Only on 10: What's under there?

By Brian Crandall

There were a number of close shark encounters off Cape Cod this past summer.

In July, a man was bitten by a shark off Ballston Beach in Truro.

"I felt like my leg was caught in a vice," said Christopher Myers.

In August, a Portsmouth family boating off Monomoy Island in Chatham captured video of a great white shark eating a dead grey seal.

"He's heading toward the boat. That's a big shark," said Peter Mottur, who captured the video.

Then there is Chris Fischer and his team from the nonprofit group OCEARCH, who are searching for great sharks off Chatham.

"I came to Cape Cod really because it's the home of 'Jaws," Fischer said.

Fischer's team actually catches great white sharks with a system that's one-of-a-kind.

"We're the only people in the world who have a proven model for delivering the ocean's giants to the leading scientists of the world," Fischer said.

The crew has caught, tagged, and released dozens of sharks in various parts of the world.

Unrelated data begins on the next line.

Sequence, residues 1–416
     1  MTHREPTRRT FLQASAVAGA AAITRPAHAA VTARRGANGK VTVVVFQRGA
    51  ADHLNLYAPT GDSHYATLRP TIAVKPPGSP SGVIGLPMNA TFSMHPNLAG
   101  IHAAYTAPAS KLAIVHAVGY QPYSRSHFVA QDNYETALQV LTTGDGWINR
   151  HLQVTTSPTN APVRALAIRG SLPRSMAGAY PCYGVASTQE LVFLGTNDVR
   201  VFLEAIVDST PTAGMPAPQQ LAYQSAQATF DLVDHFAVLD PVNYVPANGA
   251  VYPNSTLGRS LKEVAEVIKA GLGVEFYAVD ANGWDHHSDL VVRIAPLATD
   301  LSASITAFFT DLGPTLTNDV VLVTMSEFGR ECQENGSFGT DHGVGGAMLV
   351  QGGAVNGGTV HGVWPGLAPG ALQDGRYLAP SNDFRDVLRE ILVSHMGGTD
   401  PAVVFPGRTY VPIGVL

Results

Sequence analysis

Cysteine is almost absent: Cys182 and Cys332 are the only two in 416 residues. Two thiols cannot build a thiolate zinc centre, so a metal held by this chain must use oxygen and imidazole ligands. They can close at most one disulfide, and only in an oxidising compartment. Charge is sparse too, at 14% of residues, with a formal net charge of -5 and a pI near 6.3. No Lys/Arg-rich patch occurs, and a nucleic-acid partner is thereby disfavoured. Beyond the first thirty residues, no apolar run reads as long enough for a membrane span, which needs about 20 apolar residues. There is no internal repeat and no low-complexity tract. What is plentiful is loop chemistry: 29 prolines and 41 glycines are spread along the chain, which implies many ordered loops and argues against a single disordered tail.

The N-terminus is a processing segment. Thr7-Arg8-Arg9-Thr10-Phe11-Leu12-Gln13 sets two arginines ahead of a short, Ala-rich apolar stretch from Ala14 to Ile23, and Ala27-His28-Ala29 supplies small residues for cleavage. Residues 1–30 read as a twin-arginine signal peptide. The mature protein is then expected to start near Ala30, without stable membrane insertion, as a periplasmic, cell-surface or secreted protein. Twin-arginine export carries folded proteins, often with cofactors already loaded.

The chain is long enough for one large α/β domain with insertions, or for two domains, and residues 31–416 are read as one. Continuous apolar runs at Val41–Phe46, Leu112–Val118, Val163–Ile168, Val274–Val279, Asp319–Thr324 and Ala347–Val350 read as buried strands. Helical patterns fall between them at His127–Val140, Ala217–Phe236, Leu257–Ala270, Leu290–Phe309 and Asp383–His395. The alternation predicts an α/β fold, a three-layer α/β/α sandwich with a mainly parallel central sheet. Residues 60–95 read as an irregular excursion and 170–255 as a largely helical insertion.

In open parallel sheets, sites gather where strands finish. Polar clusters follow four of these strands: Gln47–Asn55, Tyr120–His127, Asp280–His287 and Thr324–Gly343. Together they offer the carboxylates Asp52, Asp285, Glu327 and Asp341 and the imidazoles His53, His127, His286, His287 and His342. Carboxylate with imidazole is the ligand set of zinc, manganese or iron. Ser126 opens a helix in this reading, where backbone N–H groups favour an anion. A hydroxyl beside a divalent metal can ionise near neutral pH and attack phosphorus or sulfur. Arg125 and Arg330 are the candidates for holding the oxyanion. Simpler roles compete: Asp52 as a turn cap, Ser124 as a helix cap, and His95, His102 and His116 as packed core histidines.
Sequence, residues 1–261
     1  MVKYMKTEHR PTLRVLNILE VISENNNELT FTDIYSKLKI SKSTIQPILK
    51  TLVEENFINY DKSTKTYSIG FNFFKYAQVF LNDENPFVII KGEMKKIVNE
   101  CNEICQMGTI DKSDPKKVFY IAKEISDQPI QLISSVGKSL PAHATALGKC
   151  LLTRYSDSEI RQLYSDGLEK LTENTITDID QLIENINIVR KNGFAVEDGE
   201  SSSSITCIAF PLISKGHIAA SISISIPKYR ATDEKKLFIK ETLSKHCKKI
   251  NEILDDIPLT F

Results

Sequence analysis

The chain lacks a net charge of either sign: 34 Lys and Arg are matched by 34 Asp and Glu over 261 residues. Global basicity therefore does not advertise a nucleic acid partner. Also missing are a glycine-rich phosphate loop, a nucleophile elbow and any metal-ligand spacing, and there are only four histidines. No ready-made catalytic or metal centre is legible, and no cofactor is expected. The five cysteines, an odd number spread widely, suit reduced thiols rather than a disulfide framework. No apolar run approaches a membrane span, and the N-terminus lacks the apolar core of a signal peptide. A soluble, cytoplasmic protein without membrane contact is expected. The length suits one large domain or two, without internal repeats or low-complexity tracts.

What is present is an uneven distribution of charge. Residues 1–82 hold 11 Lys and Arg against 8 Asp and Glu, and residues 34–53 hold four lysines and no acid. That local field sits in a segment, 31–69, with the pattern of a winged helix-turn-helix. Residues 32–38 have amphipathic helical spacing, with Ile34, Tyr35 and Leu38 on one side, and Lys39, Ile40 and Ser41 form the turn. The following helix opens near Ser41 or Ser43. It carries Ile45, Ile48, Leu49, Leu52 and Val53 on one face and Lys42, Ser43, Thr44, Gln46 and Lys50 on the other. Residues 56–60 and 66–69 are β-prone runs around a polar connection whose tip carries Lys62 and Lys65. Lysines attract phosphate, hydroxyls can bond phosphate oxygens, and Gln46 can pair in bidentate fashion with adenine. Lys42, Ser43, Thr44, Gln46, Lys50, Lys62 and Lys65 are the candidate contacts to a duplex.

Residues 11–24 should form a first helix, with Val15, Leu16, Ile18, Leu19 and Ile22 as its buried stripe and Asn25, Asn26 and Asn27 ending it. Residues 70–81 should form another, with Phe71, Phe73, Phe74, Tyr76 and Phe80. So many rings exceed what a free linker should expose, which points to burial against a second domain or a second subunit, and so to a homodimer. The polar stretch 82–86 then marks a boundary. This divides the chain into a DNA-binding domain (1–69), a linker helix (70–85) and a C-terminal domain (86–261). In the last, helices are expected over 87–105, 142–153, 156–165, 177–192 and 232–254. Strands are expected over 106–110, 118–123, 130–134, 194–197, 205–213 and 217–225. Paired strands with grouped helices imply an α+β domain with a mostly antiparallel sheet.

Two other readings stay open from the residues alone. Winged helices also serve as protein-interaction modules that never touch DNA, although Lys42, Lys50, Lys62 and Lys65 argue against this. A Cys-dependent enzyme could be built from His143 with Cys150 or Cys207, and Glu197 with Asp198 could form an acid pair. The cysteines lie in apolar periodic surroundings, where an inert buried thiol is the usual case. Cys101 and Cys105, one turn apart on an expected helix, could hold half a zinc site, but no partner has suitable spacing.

"This is the most difficult environment we've ever operated in," Fischer said.

Fischer's crew was catching and tagging sharks off the Cape in September, and recording their experience.

They lure a shark with chum, and then hook it. Then they pull the shark onto a platform, which is a lift that slides off the ship, and then up on the ship.

Once the shark is up and out of the water, Fischer's crew goes to work before letting the shark go alive.

"It's like a NASCAR pit crew. It has to happen in 15 minutes," Fischer said.

But what is Fischer's crew doing and why are they doing it?

"We're capturing, 3,000 to 4,000-pound sharks, giving scientists access," Fischer said.

Dr. Greg Skomal of the Massachusetts Division of Marine Fisheries is one of the leading shark scientists in the world.

"They catch the shark, put it there and say, 'Greg, do what you do," Skomal said.{} "I get just as excited as everyone else seeing a big white shark. But what we're getting more than that excites me even more."

Skomal is there as the crew takes blood and tissue samples and attaches a GPS tracker to the shark's fin.

"It's really breaking new ground, studying the biology, ecology and migration of these animals," Skomal said.

Because these shark experts admit, even they don't know all that much about the beasts beneath the sea.

"This is a 400-million-year-old secret," Fischer said.

It's a secret they hope to uncover by tracking the sharks, not to conquer them, but to understand them and to protect them.